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Pedestrians, Cyclists Watch In Shock As Car Cruises Down Protected Downtown Bike Lane

The driver stopped at a red light but then continued to go down the bike lane when the light turned green, one witness said.

A driver went through a Downtown bike lane.
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DOWNTOWN — Shocked bicyclists took to Twitter Wednesday after witnessing a driver jam their car into a protected bike lane and cruise down the street, even stopping behind bicyclists and at a red light.

One witness, John Amdor, was pedaling down the Washington Street bike lane at 8:50 a.m. when he stopped at a red light at Franklin Street. Then he heard a “grinding noise” from behind, he said.

Amdor turned around and saw a car in the bike lane, driving between the curb and the platform for the bus stop at Washington and Franklin streets. The car stopped at the red light behind Amdor, and he snapped a photo of the scene: the car had two wheels in the bike lane and two on the sidewalk.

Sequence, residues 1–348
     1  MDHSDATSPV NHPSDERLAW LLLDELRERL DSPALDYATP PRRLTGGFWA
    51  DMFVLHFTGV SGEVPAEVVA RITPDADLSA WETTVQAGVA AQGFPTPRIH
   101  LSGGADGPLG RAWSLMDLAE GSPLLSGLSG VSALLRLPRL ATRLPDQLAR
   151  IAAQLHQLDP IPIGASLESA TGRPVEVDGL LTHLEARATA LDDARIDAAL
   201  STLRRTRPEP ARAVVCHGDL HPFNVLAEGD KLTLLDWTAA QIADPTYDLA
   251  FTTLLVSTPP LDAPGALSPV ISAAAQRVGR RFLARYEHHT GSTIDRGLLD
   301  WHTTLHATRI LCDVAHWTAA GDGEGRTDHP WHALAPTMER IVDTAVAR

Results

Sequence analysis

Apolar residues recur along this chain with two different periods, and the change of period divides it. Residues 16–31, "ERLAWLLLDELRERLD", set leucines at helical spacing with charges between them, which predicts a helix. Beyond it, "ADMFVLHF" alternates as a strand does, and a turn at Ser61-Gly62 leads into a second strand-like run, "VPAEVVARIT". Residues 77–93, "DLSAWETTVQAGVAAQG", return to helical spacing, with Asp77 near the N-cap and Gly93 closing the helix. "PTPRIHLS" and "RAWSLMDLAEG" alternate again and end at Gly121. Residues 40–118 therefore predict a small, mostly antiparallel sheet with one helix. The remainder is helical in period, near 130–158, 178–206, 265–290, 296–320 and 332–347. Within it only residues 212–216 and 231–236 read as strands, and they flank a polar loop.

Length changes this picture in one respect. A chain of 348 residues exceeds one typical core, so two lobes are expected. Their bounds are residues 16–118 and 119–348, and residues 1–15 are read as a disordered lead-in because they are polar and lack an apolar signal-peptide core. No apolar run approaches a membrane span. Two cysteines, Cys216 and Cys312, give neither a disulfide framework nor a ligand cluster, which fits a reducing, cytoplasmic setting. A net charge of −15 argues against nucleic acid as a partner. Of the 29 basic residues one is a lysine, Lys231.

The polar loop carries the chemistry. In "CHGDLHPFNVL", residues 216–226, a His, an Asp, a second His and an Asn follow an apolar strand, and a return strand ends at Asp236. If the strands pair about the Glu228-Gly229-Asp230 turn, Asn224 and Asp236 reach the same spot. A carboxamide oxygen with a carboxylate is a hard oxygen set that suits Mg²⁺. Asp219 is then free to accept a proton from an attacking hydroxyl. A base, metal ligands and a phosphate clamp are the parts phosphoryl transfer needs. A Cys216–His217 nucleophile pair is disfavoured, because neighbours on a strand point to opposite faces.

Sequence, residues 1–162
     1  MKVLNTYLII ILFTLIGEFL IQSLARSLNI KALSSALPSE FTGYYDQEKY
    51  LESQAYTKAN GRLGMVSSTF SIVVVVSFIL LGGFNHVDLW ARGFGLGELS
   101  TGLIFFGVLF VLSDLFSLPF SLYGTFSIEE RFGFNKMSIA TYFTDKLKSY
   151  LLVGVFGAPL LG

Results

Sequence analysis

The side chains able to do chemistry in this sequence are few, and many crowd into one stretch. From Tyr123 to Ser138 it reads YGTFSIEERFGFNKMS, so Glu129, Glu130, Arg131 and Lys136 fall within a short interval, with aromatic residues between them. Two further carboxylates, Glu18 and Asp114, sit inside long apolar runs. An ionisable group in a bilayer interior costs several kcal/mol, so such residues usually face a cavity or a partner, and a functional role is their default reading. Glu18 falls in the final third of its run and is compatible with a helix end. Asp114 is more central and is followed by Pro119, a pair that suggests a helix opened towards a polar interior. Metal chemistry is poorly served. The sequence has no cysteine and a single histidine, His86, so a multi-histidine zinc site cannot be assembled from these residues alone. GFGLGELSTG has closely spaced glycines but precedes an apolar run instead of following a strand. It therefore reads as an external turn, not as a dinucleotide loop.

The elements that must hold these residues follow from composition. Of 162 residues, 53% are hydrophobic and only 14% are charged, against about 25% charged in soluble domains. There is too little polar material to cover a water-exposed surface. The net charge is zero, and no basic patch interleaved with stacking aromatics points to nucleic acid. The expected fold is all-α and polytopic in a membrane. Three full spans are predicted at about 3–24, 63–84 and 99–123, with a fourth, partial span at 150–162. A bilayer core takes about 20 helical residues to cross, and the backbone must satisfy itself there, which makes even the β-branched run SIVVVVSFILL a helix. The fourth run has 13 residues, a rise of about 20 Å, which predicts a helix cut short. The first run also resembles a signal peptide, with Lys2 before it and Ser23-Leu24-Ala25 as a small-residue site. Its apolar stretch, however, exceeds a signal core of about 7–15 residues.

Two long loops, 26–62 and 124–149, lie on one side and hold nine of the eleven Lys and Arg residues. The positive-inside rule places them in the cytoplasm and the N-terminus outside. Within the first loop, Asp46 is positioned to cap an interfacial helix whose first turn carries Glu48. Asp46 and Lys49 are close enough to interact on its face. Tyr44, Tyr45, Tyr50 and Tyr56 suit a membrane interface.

Amdor got onto the sidewalk with his bike as the light turned green and the driver took off — crossing the street and continuing to drive in the bike lane.

“I kind of got the impression they sort of panicked,” Amdor said. “I chalked it up to them sort of losing their cool because they were clearly driving somewhere they weren’t meant to drive.”

Amdor didn’t see any police officers around, but people on the sidewalk seemed as surprised by the sight as he was.

“I think it’s really concerning. It’s a real hazard for cyclists. I think it’s demonstrative of a lot of the poor behavior by drivers in Chicago,” Amdor said. “Rather than being patient and driving at a speed that’s appropriate to sharing the road with other users, both pedestrians and cyclists, people tend to drive too fast.”

Amdor said he’s been a bicyclist in the city for about 10 years and regularly bikes from Humboldt Park, where he lives, to his workplace Downtown. He’s seen drivers go into bike lanes “fairly frequently” in the past, he said, but never a Downtown one with a concrete platform for a bus stop on one side.

“Clearly, they weren’t paying close enough attention to the conditions of the roadway and found themselves in a bad spot,” Amdor said.

Had Amdor been able to speak to the driver, he would have told them, “Slow down. Pay attention,” he said.

Chicago Police officers were called to the area at about 8:57 a.m., but they couldn’t find the car or the person who had called police, said Officer Michael Carroll, a Chicago Police spokesman. No injuries were reported.

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